Tipping Pitches: A Deeper Look at Justin Verlander

Maybe it’s unfair to do a “what’s wrong with this guy?” piece on a guy the night after he goes 7 IP, 6 H, 1 BB, 1 ER, 5 K, but I don’t think a strong outing against KC does much the quell the concerns those have with Justin Verlander. I decided to write this up last night after watching the outing and learned quickly this morning that I wasn’t the only one still concerned as I received this text:

I pay people to address me as that in texts and real life conversations. LOL, just kidding, I don’t have real life conversations. On the year, Verlander has a 4.50 ERA, 1.37 WHIP, 21% K, 10% BB, 9% SwStr, and 1.2 HR in 68 IP. I dug into the numbers and here are the findings:


The first place I looked was the high fastball. It was a pitch that returned as a major weapon in his arsenal back in the second half of 2015. He continued to lean on it and it helped spur last year’s Cy Young-worthy season. He threw fastballs in the upper third 51% of the time, 4th-most in the league, yielding a .130/.224/.275 line with a 41% K rate in 239 PA. This year, he’s down to 42%. That still ranks as 8th-most, but a substantial drop from last year. If he continued at this pace and made 34 starts again, it would net 54 fewer plate appearances ending with high heat and he still has a .143/.300/.184 line and 32% K rate with it this year, so it’s seemingly not an effectiveness issue.


Although, maybe it is kind of an effectiveness issue because he has to work harder for that success with the high heat. It has been fouled off on 54% of swings, up from 45% last year. This is an issue with the fastball regardless of location. His 51% foul ball rate (again, that fouls per swing) off the fastball is 2nd-highest in the league, behind only Dan Straily at 52%. They just aren’t missing the pitch as much with his swinging strike rate dropping from 14% (tied with Rick Porcello for the MLB best) to 10%, which still ranks 16th when you push the decimal (9.6%), but again represents a big drop-off from last year.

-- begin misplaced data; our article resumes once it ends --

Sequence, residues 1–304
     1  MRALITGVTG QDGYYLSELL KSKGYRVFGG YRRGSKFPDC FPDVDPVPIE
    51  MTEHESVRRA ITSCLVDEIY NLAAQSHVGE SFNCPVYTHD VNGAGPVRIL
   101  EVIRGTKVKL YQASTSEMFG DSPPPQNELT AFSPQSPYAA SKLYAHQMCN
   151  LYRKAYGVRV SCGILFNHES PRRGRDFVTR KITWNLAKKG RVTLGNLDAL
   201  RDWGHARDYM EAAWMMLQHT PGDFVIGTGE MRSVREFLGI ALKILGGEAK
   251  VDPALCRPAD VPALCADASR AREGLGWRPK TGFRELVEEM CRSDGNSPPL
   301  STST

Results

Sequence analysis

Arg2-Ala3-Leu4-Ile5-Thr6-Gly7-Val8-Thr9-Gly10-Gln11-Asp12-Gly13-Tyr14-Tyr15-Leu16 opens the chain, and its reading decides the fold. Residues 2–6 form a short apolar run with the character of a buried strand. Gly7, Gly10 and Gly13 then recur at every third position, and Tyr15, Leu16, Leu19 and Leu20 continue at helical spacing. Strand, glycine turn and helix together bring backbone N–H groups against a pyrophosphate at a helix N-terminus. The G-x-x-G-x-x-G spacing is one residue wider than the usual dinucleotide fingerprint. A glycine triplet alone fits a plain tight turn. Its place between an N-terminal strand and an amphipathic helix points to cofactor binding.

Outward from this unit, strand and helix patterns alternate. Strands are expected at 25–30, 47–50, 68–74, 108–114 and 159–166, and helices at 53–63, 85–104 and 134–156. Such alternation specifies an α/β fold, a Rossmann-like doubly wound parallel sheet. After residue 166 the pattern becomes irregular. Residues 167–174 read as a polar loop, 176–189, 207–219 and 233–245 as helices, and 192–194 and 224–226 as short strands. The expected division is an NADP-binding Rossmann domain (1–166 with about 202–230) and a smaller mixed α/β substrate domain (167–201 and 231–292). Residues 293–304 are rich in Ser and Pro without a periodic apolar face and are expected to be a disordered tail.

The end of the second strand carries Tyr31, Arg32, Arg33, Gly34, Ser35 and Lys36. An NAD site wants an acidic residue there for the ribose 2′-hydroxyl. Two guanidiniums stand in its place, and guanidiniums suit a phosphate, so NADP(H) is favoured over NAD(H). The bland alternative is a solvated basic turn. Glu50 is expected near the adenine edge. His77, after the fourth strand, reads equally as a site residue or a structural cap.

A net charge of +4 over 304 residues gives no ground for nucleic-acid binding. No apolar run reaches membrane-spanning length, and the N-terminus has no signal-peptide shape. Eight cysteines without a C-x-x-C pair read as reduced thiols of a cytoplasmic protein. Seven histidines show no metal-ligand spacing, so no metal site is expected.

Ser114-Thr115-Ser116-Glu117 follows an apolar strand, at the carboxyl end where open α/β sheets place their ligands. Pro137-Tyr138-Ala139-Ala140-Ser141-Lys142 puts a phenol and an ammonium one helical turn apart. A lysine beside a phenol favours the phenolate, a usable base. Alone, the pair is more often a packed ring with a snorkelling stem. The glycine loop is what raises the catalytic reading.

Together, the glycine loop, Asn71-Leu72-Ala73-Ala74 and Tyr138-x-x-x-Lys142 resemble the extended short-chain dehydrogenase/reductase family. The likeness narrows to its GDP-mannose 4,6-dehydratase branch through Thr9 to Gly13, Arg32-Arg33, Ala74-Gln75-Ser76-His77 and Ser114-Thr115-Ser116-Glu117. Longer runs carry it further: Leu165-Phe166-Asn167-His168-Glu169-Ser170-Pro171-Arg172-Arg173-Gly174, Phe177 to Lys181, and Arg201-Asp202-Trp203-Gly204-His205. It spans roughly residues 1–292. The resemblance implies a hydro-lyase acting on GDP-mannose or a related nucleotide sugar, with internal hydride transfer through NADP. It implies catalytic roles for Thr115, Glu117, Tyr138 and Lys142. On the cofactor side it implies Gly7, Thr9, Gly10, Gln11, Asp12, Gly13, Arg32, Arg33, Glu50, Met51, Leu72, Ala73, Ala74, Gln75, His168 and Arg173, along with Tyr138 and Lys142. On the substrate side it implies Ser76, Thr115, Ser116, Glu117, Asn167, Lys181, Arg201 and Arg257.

This is another pervasive issue for Verlander. It’d be one thing if it was just the fastball, but all four pitches are down in swinging strike rate.

SwStr by Pitch
Pitch 2016 2017 Chg.
FB 14% 10% -4%
SL 16% 13% -3%
CH 17% 15% -2%
CB 9% 7% -2%

The overall drop in swinging strike rate has gone from 12% to 9% and it would seem that the drop can almost entirely be attributed to batters not chasing as much. Last year he had an O-Swing rate of 34%, good for ninth in the league, and this year it’s down to 30% (33rd in MLB). Here are the swinging strike rates out of the zone by pitch:

SwStr by Pitch Out of the Zone
Pitch 2016 2017 Chg.
FB 11% 5% -6%
SL 19% 16% -3%
CH 19% 16% -3%
CB 10% 8% -2%


Simply throwing strikes has been tougher for Verlander this year, too, and that no doubt impacts every aspect of getting outs. His strike rate has dipped from 67% to 64% and the walk rate has ballooned to 10%, a career-worst mark. We again focus on the fastball to further pinpoint the trouble. In three-ball counts he threw a strike 80% of the time with the fastball last year. This year it’s down to 71%, taking him well below the 76% average.

It seems as if his stuff isn’t as sharp as it was last year with the fastball being the chief offender. Now the real question is whether it’s a flat out degradation of the stuff, injury, or something fixable that requires a tweak or two to get him on his way. Major control issues can sometimes be a precursor to elbow injury so I can’t ignore the jump from 6% to 10% in walk rate. For now, I’m holding on with Verlander, but I can’t see enough to encourage an active buy for me.

Paul is the Editor of Rotographs and contributes to ESPN's Daily Notes. Follow Paul on Twitter @sporer and on Twitch at sporer.

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I forgot the name of your series was “Tipping Pitches” as that was a rumor about Verlander earlier in the year.

Verlander goes really deep into games (108 pitches *on average*), and the increased velocity worries me a lot when it comes to an injury.